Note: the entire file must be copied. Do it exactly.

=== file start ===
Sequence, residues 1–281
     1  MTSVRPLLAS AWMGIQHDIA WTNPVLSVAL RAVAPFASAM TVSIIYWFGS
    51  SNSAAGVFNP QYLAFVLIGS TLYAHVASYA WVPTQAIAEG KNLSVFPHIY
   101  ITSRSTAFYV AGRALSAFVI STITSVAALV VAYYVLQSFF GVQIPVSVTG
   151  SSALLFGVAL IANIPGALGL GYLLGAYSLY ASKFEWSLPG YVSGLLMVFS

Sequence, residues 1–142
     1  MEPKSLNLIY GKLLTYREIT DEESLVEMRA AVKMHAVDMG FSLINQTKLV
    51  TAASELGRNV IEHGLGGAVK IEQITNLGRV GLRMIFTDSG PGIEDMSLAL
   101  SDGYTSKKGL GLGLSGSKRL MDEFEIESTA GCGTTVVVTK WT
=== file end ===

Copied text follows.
Sequence, residues 1–281
     1  MTSVRPLLAS AWMGIQHDIA WTNPVLSVAL RAVAPFASAM TVSIIYWFGS
    51  SNSAAGVFNP QYLAFVLIGS TLYAHVASYA WVPTQAIAEG KNLSVFPHIY
   101  ITSRSTAFYV AGRALSAFVI STITSVAALV VAYYVLQSFF GVQIPVSVTG
   151  SSALLFGVAL IANIPGALGL GYLLGAYSLY ASKFEWSLPG YVSGLLMVFS

Sequence, residues 1–142
     1  MEPKSLNLIY GKLLTYREIT DEESLVEMRA AVKMHAVDMG FSLINQTKLV
    51  TAASELGRNV IEHGLGGAVK IEQITNLGRV GLRMIFTDSG PGIEDMSLAL
   101  SDGYTSKKGL GLGLSGSKRL MDEFEIESTA GCGTTVVVTK WT